This Is Disney's Worst Drink, And Everyone Is Obsessed

EPCOT’s "Beverly" soft drink is a rite of passage for die-hard Walt Disney World fans.

Walking into Club Cool, you can always tell who's in for the surprise. Anyone who has already visited the soda shop in Walt Disney World's EPCOT park strolls in confidently, often with a little smirk on their faces, because they know what's coming. Their unwitting companions follow along, expressions blank. They don't know what they're about to experience.

Club Cool doesn't require a membership, but it does require an initiation. Once you face down Beverly, you'll never forget it.

Club Cool, located in EPCOT's Future World, is actually a Coca-Cola Store, a tiny version of the multi-floor Coke Store in Disney Springs that sells every flavor of soda-themed merchandise you could ever dream of owning. But unlike the open-air soda bar on the rooftop of the Coke Store, Club Cool offers a totally unique experience: You can walk up to soda fountains and drink your fill of different soft drinks from around the world.

The selection can vary, but I had the opportunity to taste Viva Raspberry from Moldova, Smart Sour Plum from China, Sprite from Russia, Minute Maid Joy Apple Lychee from Korea, Country Club Merengue from Dominican Republic, and Bon Bon Anglais from Madagascar. Last and very much least: Beverly, from Italy.

Coca-Cola’s Beverly soft drink, explained

I had heard bad things about Beverly. A lot of them. Even the description on the machine doesn't seem convinced that anyone should drink it. "Beverly, with its bitter flavor, is a popular non-alcoholic aperitif that is a traditional part of Italian refreshment culture," it reads.


Delaying the inevitable, I pulled a tiny tasting cup out of the dispenser and started at the opposite end of the soda fountain machine, working my way toward my eventual demise.

The raspberry soda from Moldova had a strong saccharine flavor, and not much raspberry. The Chinese sour plum tea was delicious: full of sweet plum notes, but not too sweet. It's something I'd drink on purpose, and not just on days I'm subjecting myself to frightening foods in the name of journalism.

My third sip was of Russian Sprite, which to my shock was a huge upgrade from American Sprite. It was lightly cucumber flavored, so it tasted like subtly sweet, carbonated spa water. So, so good. The Korean apple lychee juice was also fantastic; the lychee flavor came forward and worked nicely with the apple.


Things headed downhill when I got to the Dominican Country Club Merengue, which tasted like orange soda that had several packs of Fruit Stripe gum macerating in there. The tropical fruit-flavored Bon Bon Anglais from Madagascar was okay, but too sweet for me.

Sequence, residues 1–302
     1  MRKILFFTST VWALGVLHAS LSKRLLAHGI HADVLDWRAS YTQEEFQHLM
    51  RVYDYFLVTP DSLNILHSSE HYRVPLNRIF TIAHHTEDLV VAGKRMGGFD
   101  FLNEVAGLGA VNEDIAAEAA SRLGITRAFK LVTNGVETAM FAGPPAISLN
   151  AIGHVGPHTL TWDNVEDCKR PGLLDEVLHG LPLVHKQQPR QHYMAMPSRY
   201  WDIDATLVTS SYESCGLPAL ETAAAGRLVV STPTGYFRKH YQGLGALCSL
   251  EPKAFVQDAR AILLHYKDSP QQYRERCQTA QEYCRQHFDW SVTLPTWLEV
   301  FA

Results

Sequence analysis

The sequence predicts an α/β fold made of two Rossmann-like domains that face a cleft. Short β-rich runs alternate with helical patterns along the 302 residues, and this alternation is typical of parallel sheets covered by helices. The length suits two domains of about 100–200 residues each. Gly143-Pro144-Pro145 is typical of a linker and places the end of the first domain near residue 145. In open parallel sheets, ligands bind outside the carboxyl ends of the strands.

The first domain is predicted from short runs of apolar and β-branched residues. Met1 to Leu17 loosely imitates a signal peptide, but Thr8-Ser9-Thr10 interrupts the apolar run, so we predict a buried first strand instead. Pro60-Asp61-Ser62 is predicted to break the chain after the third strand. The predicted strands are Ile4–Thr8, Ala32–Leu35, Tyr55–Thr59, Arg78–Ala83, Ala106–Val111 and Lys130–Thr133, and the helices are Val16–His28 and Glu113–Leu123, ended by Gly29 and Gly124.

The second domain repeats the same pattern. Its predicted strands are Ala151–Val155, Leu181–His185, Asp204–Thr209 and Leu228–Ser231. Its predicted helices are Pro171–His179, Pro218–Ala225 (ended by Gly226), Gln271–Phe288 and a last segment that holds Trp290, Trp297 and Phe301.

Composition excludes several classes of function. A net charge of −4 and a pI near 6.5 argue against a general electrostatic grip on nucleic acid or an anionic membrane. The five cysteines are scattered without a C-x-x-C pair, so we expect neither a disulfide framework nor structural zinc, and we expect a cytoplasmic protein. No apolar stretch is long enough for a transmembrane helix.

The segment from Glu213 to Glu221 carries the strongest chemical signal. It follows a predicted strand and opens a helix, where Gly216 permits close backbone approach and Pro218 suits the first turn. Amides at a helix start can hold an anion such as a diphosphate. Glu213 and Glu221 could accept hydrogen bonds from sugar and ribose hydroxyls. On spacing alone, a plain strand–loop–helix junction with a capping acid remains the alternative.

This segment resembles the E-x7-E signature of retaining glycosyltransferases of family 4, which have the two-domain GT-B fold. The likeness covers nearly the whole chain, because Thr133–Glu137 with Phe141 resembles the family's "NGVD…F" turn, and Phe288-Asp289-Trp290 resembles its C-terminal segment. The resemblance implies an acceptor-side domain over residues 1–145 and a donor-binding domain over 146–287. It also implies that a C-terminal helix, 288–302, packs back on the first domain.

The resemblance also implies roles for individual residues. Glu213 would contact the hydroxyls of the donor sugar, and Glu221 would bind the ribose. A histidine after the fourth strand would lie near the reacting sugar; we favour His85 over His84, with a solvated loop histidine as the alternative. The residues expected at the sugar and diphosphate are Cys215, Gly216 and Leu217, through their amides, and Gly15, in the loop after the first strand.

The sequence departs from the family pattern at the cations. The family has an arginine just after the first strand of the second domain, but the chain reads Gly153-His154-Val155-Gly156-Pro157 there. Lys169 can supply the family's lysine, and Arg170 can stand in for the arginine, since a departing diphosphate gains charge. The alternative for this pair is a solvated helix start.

As I was steeling myself to pour the Beverly, a couple walked up to the machine next to me.

"Do I have to do the Beverly?" she asked her partner warily.

"You have to do it first and get it over with," he said, pouring one each for them. "Okay, here we go." He took a sip and immediately recoiled. Once he recovered, he said, "That ... ain't ... it."

I dispensed a sample of Beverly for myself and then stood there, staring down into that tiny cup of horrors. Another woman walked up, clearly ready to do the same thing, and poured herself a cup.

"I'm trying to try Beverly too," I said, "but I can't seem to make myself do it."

We decided to try it at the same time, counting down from three and knocking it back.

The appearance of the clear, sparkling soda didn't betray what was inside. It was so, so bitter. I've tasted my way through some bitter amaro in my day, like the artichoke-based Cynar and, of course, Campari that tastes like angry oranges. But Beverly was worse than I had imagined. The bitterness hit every taste bud I never knew I had, and it lingered there. All I could think was that experiencing Beverly was like having a hangover from a Negroni, but not the Negroni itself.


"They do this on purpose?" I asked through my twisted expression.

"They do," she said. "But why?"

I couldn't answer. I had no idea. Internet wisdom dictates that you should taste Beverly with the underside of your tongue, not the top, and I did that next. It tasted less bitter this way, allowing me to experience a tiny bit of botanical flavor, but not nearly enough to try a third sip. (If you want to recreate this experience without buying a park ticket, Beverly is also available at World of Coca-Cola in Atlanta.)

Before I left Club Cool, I poured myself another cup of Russian Sprite and let myself be carried away by its spa-like flavor. As I walked out of the store, I knew I'd be back—but next time, with an unsuspecting victim in tow.